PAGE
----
MIAMI — Captain Joe Petrucco and his crew had just boated 10 blackfin tuna and three dolphin on the Islamorada Hump when they overheard a fellow charter boat captain complaining on VHF radio about how slow the fishing was in the area.
“No current, no fish. It (stinks),” Petrucco told one of his colleagues seeking a status report.
Petrucco and first mate Kevin “Caveman” Potter reeled up another blackfin near the 280-foot deep pinnacle.
“Keep talkin’, guys,” Petrucco chuckled to himself as he stowed the catch in the fish box of the 31-foot Bluewater.
In plain view of at least a dozen private and charter boats that were unsuccessfully slow-trolling live baits on the popular fishing grounds 14 miles off Islamorada, Petrucco, Potter and a guest had reeled up tuna, dolphin and lesser amberjack all afternoon.
They had not one live bait on board.
What was their secret?
“Butterfly jigs,” Petrucco said. “They are so deadly.”
Petrucco, who runs light-tackle, offshore charters aboard a center-console out of Tavernier Creek Marina, said he stumbled on the technique through one of his charter groups — outdoors writers and TV show producers from Spain.
“They’d bring stuff and test it out. They’d say, ‘Do you mind if we jig?”‘ Petrucco said. “And they started catching fish with it. It started to get interesting to me.”
His customers frequently left tackle behind so he could experiment with it. Now, there are many occasions when the butterfly, or deep jigs, outfish all other bait and lures. The jigs have been a staple for years in the Pacific Rim but gained popularity in the United States only recently.
“We came up with combinations that work just by doing it all the time,” Petrucco said. “It has everything to do with matching the hatch. I think those fish right now are after squid, and the jigs imitate the squid perfectly. When the fish stay down deep, the jigs work.”
Petrucco said anglers should be prepared with a full arsenal when making the journey to the Hump; that means a variety of live baits, soft plastics, trolling feathers, casting jigs and flies, especially small deceiver patterns. That way, if one technique doesn’t work, other methods can be tried.
“I’ve come out here loaded to the gills with pilchards and couldn’t catch a fish,” Petrucco said. Other times, he said, the only thing that worked were tiny deceiver flies in blue and white or blue and green.
But Petrucco and his guests love deep-jigging because it’s more active and hands-on than trolling. They get a workout from dropping the jig deep to the bottom and then bumping and reeling it back to the surface. Fish that have fallen victim to the butterfly jig include blackfin and yellowfin tuna; Almaco, and greater and lesser amberjack; bonito; dolphin; Warsaw grouper; and queen snapper.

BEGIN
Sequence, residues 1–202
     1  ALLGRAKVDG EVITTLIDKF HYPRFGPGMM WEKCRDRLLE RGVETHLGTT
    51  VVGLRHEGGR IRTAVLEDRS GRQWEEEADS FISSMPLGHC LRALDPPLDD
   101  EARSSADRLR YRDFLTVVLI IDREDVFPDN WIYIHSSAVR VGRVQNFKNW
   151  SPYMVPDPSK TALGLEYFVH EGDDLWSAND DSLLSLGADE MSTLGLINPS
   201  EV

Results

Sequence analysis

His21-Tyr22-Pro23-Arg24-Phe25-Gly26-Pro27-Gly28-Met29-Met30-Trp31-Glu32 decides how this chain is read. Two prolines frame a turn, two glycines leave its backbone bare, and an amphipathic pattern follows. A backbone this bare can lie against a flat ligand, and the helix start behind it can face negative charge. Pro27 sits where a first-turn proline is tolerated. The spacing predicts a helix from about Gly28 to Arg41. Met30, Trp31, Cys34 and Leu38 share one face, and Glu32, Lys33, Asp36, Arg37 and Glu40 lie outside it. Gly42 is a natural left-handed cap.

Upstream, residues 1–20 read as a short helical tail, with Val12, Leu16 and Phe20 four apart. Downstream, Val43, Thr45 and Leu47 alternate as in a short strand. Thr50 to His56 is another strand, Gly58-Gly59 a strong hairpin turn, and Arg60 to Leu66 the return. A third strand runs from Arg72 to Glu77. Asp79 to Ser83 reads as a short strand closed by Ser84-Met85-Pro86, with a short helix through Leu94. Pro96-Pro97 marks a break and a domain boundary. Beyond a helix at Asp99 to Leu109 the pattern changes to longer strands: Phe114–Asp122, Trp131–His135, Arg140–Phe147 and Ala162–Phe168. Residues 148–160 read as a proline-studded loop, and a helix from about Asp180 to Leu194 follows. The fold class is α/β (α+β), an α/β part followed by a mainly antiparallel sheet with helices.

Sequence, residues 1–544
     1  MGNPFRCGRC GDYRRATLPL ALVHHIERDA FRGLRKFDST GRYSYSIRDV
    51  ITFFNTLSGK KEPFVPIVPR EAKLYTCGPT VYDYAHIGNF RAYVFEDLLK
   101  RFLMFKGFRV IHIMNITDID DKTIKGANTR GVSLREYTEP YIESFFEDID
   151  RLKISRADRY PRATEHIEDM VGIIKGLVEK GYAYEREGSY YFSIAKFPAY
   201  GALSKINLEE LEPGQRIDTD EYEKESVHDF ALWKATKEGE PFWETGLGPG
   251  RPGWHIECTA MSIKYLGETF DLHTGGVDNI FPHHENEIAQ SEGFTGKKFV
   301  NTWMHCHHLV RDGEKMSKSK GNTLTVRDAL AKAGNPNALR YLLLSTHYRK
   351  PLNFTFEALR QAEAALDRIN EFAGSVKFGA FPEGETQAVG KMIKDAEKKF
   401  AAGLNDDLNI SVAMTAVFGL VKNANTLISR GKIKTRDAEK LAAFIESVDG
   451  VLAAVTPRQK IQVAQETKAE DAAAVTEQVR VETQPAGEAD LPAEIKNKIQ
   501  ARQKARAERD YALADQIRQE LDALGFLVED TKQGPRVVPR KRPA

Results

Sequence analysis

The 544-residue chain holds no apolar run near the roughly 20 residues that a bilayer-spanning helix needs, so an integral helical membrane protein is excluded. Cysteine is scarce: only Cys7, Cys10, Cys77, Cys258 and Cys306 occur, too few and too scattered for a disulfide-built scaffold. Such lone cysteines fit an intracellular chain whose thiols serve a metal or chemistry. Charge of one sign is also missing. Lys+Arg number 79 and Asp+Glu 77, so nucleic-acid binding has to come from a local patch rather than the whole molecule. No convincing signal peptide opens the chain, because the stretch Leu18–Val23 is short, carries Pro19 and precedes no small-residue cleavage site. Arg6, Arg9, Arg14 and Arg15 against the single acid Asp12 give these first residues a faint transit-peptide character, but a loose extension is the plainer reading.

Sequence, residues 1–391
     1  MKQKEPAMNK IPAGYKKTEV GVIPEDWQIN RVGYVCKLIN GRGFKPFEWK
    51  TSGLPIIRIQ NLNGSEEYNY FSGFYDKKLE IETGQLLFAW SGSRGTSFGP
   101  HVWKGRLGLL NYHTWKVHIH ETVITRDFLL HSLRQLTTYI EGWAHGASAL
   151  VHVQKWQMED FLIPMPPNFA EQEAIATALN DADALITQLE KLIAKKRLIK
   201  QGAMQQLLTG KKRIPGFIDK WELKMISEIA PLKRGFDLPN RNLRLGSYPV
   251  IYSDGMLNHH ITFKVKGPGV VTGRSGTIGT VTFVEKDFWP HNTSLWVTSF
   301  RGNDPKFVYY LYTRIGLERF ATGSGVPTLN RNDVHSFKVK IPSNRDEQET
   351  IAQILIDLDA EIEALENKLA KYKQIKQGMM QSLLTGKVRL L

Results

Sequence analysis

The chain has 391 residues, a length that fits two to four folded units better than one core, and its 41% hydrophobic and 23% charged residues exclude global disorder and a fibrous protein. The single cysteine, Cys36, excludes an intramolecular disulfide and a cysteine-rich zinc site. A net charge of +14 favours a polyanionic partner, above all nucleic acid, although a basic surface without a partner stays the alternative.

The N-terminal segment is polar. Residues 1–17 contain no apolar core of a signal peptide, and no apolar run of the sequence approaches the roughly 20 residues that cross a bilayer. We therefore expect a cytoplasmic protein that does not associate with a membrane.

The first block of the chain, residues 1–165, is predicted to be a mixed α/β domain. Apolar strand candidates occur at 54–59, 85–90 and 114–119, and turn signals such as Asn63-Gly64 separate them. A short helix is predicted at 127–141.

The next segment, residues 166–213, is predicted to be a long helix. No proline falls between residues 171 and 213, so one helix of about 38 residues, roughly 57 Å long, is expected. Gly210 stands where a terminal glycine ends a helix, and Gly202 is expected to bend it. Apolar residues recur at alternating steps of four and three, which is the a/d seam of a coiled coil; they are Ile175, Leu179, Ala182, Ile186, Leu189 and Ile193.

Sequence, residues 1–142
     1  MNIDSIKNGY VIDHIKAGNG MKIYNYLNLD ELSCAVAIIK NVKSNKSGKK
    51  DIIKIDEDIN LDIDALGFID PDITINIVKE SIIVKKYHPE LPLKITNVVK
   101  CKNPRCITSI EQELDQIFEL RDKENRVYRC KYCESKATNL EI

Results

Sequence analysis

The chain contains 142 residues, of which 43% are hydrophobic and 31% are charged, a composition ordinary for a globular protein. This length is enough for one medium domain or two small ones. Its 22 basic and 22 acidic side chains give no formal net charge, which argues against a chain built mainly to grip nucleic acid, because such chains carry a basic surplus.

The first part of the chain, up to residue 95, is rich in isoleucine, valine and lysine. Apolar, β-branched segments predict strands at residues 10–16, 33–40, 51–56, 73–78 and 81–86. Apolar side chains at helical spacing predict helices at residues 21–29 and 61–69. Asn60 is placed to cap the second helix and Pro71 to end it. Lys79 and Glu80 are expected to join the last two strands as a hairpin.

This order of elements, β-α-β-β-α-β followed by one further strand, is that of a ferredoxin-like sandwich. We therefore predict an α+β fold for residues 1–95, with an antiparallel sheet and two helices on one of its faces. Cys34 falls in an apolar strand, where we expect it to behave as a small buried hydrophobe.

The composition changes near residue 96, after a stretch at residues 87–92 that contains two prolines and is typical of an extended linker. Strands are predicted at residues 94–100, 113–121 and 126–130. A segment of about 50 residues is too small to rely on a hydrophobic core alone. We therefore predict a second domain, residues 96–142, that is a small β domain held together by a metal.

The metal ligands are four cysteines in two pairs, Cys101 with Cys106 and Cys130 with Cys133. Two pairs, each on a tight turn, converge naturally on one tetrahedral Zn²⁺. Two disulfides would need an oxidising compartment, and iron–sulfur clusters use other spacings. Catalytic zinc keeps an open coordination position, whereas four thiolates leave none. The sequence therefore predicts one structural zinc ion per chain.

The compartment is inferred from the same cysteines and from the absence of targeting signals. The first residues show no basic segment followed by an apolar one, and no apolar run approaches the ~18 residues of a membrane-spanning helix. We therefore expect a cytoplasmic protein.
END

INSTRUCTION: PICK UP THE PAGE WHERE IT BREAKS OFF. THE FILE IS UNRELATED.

Unlike standard jigs, butterfly models are designed to flutter down instead of plummeting to the bottom. Made of painted lead, they look a lot like a trumpetfish — long and angular with a blade-like edge. The hook usually is attached at the head of the jig, not at the bottom.
Petrucco won’t say what kind of butterfly jig he uses, except that he orders them from a lure maker in Australia.
“If everybody used it, it might not work as well,” he said.
Still, there are several models readily available on the market that are quite effective, including those made by Shimano and Daiwa. The best colors, Petrucco said, are blue and silver; green and silver; chartreuse and silver; and black and gold. “You want a jig that flutters; you want a lot of motion,” he said.
Jigging tackle involves heavy-duty offshore spinning reels, such as those made by Daiwa and Fin-Nor, that can hold plenty of 30-to-65-pound braied line. Rods should be short, stout composites with a soft tip to make the jig work — lightweight enough to avoid fatigue, but with sufficient backbone to winch up a 30-pound blackfin from the depths. Leaders should be a minimum of 60-pound test; but 100-pound might be necessary if the fishing grounds hold a lot of amberjack.
Catching is a workout, but an enjoyable one.
“You get a lot of interaction,” Petrucco said. “You feel the bite. It’s awesome.”
To book an offshore fishing trip with captain Joe Petrucco, call 800-375-7280 or visit www.joepetrucco.com.